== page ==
Caruso on an acoustic victrola – page 3 electricity measurements units

The idea is that with the first couple of revolutions, the needle wears down to snugly fit the groove. That way, it transmits the vibrations more directly to the diaphragm in the reproducer. If you continue to use the same needle, the groove continues to wear away the sides of the needle, making it into a sharp point that eventually starts to dig into the bottom of the groove. That is what has happened on records with "graying". As long as you change the needle with each play, it doesn’t have a chance to damage the groove.

The important thing to remember with 78s when you estimate playing time is that you have to add time for cranking, changing needles and flipping the record with each song. So it would be more like 10 four minute sides per hour, not 16. That comes out to about 25 cents per hour for needles. Another financial consideration is the cost of the records. They usually cost 50 cents to a dollar apiece in junk stores. So you’re talking somewhere between $3 to $5 per hour. CDs are $10 to $15 usually.

The idea is that with the first couple of revolutions, the needle wears down to snugly fit the groove. That way, it transmits the vibrations more directly to the diaphragm in the reproducer. If you continue to use the same needle, the groove continues to wear away the sides of the needle, making it into a sharp point that eventually starts to dig into the bottom of the groove. That is what has happened on records with "graying". As long as you change the needle with each play, it doesn’t have a chance to damage the groove.

The important thing to remember with 78s when you estimate playing time is that you have to add time for cranking, changing needles and flipping the record with each song. So it would be more like 10 four minute sides per hour, not 16. That comes out to about 25 cents per hour for needles. Another financial consideration is the cost of the records. They usually cost 50 cents to a dollar apiece in junk stores. So you’re talking somewhere between $3 to $5 per hour. CDs are $10 to $15 usually.Thanks for replying Bigshot. I may be trying to flog a dead horse here, but is it possible to chop off the sharp end of the needle, so as to get it back to its original condition? That way you get to reuse them until they are too short to use.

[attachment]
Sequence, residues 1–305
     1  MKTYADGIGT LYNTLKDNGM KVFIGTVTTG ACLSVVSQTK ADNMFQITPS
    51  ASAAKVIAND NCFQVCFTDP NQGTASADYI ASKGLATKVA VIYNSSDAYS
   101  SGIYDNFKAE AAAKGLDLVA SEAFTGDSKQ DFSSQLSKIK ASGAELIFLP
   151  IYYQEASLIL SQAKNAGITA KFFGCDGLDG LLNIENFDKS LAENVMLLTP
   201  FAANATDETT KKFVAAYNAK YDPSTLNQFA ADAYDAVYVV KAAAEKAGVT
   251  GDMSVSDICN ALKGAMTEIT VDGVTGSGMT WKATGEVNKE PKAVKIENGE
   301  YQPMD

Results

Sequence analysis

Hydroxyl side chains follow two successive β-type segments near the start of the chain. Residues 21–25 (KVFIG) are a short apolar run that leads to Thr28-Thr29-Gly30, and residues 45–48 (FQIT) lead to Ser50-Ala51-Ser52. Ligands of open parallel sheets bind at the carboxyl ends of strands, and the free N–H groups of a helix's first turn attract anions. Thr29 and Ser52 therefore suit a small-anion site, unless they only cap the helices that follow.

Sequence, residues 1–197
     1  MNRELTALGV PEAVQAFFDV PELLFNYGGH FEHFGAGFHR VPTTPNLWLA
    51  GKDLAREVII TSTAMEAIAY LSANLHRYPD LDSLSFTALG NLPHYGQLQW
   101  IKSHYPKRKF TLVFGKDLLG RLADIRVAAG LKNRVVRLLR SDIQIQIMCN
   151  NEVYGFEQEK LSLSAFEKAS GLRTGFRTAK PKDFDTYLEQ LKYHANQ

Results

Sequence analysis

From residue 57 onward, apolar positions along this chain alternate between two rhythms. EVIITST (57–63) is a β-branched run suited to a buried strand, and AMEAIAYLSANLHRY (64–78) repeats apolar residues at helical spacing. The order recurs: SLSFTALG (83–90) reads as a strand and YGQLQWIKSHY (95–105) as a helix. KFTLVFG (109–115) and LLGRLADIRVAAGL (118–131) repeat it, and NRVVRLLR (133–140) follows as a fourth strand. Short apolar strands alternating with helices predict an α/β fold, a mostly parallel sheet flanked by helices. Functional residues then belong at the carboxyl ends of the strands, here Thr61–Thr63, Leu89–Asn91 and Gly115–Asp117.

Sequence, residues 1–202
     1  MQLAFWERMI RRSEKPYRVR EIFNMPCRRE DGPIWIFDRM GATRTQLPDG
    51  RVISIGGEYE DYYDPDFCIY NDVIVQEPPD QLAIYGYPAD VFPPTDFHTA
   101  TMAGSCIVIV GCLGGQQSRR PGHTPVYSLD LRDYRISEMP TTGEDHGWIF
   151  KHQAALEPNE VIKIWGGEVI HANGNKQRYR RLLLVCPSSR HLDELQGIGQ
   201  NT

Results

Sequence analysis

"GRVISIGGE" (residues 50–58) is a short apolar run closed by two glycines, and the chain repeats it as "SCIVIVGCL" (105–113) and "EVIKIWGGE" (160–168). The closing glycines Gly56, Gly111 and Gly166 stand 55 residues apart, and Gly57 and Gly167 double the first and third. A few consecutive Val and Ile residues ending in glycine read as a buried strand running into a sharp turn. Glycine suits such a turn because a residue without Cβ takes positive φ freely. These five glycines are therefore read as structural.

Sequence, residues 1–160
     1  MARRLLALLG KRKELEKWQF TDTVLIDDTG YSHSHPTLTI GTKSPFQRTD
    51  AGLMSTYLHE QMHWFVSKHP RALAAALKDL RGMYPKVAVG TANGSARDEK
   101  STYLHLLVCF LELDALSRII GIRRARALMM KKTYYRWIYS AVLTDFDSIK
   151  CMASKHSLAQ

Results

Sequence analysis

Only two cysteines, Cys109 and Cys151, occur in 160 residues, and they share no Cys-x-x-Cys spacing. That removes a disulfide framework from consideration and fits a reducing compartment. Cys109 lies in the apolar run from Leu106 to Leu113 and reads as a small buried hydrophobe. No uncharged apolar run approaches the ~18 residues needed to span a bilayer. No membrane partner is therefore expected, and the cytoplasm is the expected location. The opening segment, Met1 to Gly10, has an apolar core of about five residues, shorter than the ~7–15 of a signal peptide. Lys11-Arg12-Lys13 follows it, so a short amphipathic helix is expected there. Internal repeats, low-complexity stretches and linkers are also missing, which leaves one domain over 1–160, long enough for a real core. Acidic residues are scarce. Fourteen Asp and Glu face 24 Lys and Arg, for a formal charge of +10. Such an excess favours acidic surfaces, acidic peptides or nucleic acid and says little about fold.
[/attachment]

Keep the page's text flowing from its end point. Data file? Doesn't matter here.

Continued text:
Should we completely lose our electrical grid, and we have to revert back to a pre-electricity society, I don’t imagine I will have the time to listen to some crackly music that you have to flip over every 4 minutes, and pop in a new needle. And who exactly will be providing you with needles after such an apocalyptic event? And how will you communicate with them to purchase more? Pony express? You’ll enjoy your music for a little while, and then you’ll be in the same boat as us.I’ve had my gramophone and shellac records since I was about twelve years old, way before I knew anything about peak oil. If one were ‘prepping’ for a grid down situation and starting from scratch, music would probably be a very low priority! I believe this thread has already covered the options for replacement needles, and Bigshot’s suggestion of stockpiling steel needles in advance is probably the most practical one yet, assuming thorn needles are not worth the effort of making at home. I wonder if digitizing my collection is the way to go, provided that we can generate electricity to power the laptop/ CD player/ tablet/ whatever. The real problem for listening post-TEOTWAWKI would be if these gadgets were to break down and replacement parts could not be found, although difficulties playing music would probably be the last of anybody’s problems then!

I’ve had my gramophone and shellac records since I was about twelve years old, way before I knew anything about peak oil. If one were ‘prepping’ for a grid down situation and starting from scratch, music would probably be a very low priority! I believe this thread has already covered the options for replacement needles, and Bigshot’s suggestion of stockpiling steel needles in advance is probably the most practical one yet, assuming thorn needles are not worth the effort of making at home. I wonder if digitizing my collection is the way to go, provided that we can generate electricity to power the laptop/ CD player/ tablet/ whatever. The real problem for listening post-TEOTWAWKI would be if these gadgets were to break down and replacement parts could not be found, although difficulties playing music would probably be the last of anybody’s problems then!Mp3 players are cheap to manufacture and don’t use much power. I would expect them to be around whatever the financial meltdown, so digitisation and 5v devices are the way to go.